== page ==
In start-up circles, has become pretty famous for its fabulous pivot.

In March 2011, the site was a struggling social network for the gay community. But then, after much soul-searching (and an honest assessment of its weak performance), site founders Bradford Shellhammer and Jason Goldberg reconceived and relaunched as a flash sale service for designer home goods. They saw immediate success.

Within six months, came close to one million members, and raised more than $40 million in new funding. By November and December, revenue was reportedly $10 million.

But this week, Goldberg took to the company's blog to announce that not only had Fab quietly "pivoted" a second time this year, but that the company will do so a third time in 2013.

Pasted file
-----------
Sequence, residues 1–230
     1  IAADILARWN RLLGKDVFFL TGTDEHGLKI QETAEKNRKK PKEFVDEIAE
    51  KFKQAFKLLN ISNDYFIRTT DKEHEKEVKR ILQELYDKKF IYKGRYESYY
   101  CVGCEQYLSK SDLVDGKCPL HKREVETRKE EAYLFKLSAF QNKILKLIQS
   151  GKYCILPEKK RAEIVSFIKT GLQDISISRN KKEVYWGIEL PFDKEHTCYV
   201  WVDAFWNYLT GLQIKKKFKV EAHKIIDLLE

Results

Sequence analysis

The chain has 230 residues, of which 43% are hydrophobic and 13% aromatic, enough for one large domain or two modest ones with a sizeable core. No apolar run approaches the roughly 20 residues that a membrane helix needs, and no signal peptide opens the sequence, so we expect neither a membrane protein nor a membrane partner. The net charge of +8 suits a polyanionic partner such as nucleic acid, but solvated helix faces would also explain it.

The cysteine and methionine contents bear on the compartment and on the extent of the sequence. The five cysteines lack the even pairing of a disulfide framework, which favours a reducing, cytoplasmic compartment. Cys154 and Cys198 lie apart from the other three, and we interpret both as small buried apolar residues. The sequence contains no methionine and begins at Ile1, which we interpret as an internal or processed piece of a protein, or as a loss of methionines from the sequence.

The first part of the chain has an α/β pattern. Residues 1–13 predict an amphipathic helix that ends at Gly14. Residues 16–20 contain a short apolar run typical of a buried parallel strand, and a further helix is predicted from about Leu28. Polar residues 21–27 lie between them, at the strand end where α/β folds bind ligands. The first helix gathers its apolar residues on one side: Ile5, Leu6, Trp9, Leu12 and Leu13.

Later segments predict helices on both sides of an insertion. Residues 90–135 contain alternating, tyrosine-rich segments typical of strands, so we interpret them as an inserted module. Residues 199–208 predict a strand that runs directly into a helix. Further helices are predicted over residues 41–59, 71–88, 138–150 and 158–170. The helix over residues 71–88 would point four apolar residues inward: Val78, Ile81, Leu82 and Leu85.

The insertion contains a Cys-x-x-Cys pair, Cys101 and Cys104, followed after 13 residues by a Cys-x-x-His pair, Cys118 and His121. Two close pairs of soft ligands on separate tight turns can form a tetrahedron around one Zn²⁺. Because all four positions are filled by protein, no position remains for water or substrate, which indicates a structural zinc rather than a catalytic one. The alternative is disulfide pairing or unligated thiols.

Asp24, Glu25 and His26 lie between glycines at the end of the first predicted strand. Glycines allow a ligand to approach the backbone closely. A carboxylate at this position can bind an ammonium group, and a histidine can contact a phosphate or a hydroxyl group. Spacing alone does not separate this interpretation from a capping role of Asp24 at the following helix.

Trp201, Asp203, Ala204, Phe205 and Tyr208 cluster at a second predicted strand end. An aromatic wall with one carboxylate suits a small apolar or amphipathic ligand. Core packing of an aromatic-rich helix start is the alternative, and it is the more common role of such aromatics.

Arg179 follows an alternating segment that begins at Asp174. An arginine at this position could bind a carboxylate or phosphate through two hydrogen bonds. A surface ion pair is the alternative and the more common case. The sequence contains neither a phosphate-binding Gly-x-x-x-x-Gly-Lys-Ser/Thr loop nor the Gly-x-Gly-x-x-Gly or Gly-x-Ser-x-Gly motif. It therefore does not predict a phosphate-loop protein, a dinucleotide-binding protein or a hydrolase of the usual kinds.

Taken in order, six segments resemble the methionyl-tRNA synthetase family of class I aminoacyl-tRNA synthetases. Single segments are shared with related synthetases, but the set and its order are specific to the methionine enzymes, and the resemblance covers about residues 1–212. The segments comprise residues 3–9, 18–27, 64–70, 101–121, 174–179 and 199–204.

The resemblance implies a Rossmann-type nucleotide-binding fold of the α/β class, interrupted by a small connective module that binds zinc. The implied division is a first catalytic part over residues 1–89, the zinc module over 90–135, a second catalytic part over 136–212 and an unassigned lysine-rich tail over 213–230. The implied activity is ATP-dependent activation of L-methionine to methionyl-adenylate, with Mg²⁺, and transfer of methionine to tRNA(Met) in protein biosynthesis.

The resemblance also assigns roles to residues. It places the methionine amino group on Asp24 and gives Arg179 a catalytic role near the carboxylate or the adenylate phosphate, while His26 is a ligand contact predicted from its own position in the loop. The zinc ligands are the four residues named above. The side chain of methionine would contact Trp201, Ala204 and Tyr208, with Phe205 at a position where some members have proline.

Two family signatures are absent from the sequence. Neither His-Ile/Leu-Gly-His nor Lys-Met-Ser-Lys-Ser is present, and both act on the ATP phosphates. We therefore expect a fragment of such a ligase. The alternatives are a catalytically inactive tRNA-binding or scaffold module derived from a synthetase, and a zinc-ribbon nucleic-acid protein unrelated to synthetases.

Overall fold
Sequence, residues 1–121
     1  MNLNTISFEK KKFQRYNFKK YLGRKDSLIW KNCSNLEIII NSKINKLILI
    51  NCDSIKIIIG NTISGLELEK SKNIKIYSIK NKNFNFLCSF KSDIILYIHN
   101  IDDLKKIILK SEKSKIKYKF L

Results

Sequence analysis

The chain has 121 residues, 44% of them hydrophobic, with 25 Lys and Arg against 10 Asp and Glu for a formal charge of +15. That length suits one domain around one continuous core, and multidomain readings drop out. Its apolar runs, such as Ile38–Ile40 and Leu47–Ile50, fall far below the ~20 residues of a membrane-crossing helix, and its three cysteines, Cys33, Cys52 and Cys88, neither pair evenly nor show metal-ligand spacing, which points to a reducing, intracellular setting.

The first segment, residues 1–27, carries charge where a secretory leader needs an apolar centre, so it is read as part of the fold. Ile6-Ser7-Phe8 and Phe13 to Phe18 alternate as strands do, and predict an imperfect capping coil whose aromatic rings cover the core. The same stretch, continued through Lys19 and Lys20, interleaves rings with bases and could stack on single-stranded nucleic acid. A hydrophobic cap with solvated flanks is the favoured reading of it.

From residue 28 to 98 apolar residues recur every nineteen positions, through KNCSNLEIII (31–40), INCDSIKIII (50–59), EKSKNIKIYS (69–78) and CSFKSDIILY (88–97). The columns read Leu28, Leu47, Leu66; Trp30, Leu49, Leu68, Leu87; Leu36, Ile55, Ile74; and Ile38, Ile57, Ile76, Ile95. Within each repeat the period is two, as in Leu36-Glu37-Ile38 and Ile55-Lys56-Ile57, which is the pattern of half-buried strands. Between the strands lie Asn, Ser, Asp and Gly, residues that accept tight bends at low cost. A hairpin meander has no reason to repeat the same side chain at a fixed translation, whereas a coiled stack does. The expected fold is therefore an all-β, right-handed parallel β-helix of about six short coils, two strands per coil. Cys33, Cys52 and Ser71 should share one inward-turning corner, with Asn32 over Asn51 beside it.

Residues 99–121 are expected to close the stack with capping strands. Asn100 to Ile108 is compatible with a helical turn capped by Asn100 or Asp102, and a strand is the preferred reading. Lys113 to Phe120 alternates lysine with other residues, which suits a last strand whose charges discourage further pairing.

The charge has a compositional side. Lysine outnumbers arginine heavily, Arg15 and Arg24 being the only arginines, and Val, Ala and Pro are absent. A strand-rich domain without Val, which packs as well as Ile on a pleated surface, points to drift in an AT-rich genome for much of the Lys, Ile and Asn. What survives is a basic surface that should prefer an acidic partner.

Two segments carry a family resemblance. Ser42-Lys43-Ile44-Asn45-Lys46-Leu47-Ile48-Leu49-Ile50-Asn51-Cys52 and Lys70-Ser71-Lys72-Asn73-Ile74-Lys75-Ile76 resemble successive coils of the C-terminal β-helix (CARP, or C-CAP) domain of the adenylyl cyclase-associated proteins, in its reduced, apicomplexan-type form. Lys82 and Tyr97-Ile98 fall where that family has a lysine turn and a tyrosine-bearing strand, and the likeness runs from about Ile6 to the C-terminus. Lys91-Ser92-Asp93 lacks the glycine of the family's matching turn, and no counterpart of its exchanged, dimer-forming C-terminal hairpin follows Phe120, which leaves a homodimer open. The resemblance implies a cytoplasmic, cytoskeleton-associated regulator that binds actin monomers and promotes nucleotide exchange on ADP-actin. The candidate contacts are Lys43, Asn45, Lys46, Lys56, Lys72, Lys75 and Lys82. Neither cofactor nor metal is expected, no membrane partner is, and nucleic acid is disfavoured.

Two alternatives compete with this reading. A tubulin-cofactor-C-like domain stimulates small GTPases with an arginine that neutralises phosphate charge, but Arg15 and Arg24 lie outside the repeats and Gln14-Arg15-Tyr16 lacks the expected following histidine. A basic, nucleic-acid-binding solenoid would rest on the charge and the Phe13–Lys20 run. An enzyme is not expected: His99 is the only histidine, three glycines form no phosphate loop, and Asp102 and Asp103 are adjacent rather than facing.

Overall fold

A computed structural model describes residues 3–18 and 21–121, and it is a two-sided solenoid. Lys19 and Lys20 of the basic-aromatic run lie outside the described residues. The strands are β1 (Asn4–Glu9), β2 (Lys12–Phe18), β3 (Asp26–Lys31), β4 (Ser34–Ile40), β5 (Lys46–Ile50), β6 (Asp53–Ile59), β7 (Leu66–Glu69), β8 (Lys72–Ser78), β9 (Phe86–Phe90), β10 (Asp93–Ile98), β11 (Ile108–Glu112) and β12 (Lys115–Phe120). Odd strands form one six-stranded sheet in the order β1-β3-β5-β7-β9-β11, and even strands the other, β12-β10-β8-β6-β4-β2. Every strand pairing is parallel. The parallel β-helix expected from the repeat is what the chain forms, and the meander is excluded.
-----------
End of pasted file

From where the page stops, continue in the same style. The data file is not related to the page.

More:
Wait, what?

Let's start with the so-called second pivot. 

"We're now ready to pull the covers off of the massive pivot Fab has successfully undergone in 2012, from design flash sales, to the world's leading everyday design retailer," he wrote.

Sigh. "Pivot" is just an overused buzz word that's starting to take away from the company story.

The available numbers alone are pretty strong. In the last year, for instance, has: 

  • Grown to 10 million members from 1.5 million. 
  • Hit an all-time-high sales day "in the millions of dollars"; in 2011, it was $300,000. 
  • Increased its employee count to more than 600 from 85. 
  • Raised gross margins 25% over last year.
  • Made mobile purchases one-third of total sales, up from 15%.

And what's with Fab Pivot 2013?

Goldberg wrote: 

"We'll be pivoting towards a new model that we are not yet ready to reveal publicly. That pivot will be gradual. I can promise you one thing: It will be 100% towards delivering the best customer experience in the world for discovering everyday design. We'll offer even more unique products supported by an even better experience."

Doesn't sound like a new direction to me.